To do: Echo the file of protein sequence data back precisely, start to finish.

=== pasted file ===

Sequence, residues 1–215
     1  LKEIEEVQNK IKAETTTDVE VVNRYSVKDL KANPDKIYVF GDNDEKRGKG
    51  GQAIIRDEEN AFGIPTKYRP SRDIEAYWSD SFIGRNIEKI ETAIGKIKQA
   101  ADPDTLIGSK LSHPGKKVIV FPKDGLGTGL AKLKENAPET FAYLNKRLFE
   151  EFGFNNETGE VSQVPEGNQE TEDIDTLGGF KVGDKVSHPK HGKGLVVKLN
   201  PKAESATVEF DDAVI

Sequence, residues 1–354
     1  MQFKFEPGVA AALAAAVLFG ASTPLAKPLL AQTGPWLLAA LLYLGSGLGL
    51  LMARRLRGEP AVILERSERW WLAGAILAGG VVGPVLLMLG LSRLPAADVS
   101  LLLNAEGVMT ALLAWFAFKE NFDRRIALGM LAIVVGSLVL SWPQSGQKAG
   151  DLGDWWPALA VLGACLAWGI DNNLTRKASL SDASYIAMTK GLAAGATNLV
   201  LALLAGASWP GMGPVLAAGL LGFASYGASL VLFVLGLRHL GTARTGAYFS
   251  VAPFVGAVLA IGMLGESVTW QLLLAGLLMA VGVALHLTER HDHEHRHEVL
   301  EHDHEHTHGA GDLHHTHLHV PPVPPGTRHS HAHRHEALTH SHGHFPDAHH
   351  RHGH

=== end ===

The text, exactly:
Sequence, residues 1–215
     1  LKEIEEVQNK IKAETTTDVE VVNRYSVKDL KANPDKIYVF GDNDEKRGKG
    51  GQAIIRDEEN AFGIPTKYRP SRDIEAYWSD SFIGRNIEKI ETAIGKIKQA
   101  ADPDTLIGSK LSHPGKKVIV FPKDGLGTGL AKLKENAPET FAYLNKRLFE
   151  EFGFNNETGE VSQVPEGNQE TEDIDTLGGF KVGDKVSHPK HGKGLVVKLN
   201  PKAESATVEF DDAVI

Sequence, residues 1–354
     1  MQFKFEPGVA AALAAAVLFG ASTPLAKPLL AQTGPWLLAA LLYLGSGLGL
    51  LMARRLRGEP AVILERSERW WLAGAILAGG VVGPVLLMLG LSRLPAADVS
   101  LLLNAEGVMT ALLAWFAFKE NFDRRIALGM LAIVVGSLVL SWPQSGQKAG
   151  DLGDWWPALA VLGACLAWGI DNNLTRKASL SDASYIAMTK GLAAGATNLV
   201  LALLAGASWP GMGPVLAAGL LGFASYGASL VLFVLGLRHL GTARTGAYFS
   251  VAPFVGAVLA IGMLGESVTW QLLLAGLLMA VGVALHLTER HDHEHRHEVL
   301  EHDHEHTHGA GDLHHTHLHV PPVPPGTRHS HAHRHEALTH SHGHFPDAHH
   351  RHGH